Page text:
By Spencer Jacobson, Staff Writer
Gyms, fields, and tracks across Kansas are empty amid a statewide stay at home order.
But this is not stopping Newman fall sport coaches and athletes from preparing for their coming seasons.
Jose Lugo, the head volleyball coach, said that the limitations have had a profound impact on the team’s training schedule.
What would have been hours spent practicing, training, conditioning, lifting weights and watching film, Lugo said, is now fewer hours of home workouts and zoom meetings to discuss offensive and defensive systems.
“Some have home gyms — bar, rack, dumbbells.Others don't have that same luxury. So each student-athlete will have to tailor their workout for what they are able to do,” he said.
Lugo said the volleyball team usually makes its biggest strength gains in the spring, so losing that training time may lead to some stress situations in the fall, when doing too much too quickly could lead to injury.
“The concern right now is how to be healthy when the workload increases considerably in the fall,” he said. “We had some goals this spring to get stronger and faster in the weight room, and we had some technical skill work that was going to help us moving forward. Not getting that work done sets us back, so we will need to play catch up in fall camp.”
Cliff Brown, the head men’s soccer coach, said that he is in regular contact with his players.
Brown said he is encouraging them to do a strength and conditioning program but has not put any specific soccer training together for them.
“I trust them to know what needs to be done,” he said.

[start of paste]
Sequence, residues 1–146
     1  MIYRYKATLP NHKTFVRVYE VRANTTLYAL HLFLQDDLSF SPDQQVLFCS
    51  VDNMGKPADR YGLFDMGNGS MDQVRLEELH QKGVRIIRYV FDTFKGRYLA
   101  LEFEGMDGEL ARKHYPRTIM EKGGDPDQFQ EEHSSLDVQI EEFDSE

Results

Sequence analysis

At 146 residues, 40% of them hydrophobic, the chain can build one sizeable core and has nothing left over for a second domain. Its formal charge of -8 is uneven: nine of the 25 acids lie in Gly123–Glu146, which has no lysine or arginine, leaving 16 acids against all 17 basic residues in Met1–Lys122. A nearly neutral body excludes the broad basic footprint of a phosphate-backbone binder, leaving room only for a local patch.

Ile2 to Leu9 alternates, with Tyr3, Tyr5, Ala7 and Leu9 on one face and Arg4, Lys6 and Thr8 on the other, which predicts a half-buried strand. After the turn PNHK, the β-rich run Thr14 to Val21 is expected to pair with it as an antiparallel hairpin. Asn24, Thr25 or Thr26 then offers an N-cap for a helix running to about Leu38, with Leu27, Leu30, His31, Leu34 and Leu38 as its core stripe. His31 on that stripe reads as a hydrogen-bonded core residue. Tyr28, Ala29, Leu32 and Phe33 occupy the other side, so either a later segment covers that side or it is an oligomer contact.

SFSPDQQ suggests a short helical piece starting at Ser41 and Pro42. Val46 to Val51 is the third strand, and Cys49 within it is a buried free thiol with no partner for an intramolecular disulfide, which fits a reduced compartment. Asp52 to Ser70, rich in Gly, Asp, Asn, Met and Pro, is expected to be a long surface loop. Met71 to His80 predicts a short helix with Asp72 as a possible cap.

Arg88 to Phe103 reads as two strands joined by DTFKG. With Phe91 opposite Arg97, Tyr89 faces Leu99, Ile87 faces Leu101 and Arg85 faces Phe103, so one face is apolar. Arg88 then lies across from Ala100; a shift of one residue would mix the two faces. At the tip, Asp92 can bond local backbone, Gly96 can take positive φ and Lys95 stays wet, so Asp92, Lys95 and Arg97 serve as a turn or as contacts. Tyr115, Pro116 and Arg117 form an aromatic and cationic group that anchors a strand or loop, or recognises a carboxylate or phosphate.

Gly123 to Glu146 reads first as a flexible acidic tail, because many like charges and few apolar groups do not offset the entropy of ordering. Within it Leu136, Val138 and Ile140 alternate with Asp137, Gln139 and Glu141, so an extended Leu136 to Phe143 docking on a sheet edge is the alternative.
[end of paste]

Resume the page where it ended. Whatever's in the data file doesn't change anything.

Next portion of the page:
Jeff Lovgren, the head triathlon coach, is challenging his triathletes to stay active and is encouraging them to come up with their own activities.
“In this time of uncertainty, I don't want them to feel like its work. I want them to have an outlet for their anxiety. I would rather have them do some kind of activity they enjoy than dread the run workout I sent them,” he said.
Lovgren said that the best thing triathletes can train is their ability to adapt, which he says this system will do.
“By not providing them with workouts but encouraging them to work out I am having them confront change and learn to work around it — even if they don't know that's what is happening,” he said.
Despite the unique situation, Lovgren said, his off-season goal for the team has not changed: He wants to see improvement.
“I ask for small, consistent changes,” he said. “Enough of those and it will equal a huge change. Plus the small stuff is more repeatable. I will challenge each athlete to look inside themselves for what is their weakness and change it to a strength.”
Courtesy photo, Newman Athletics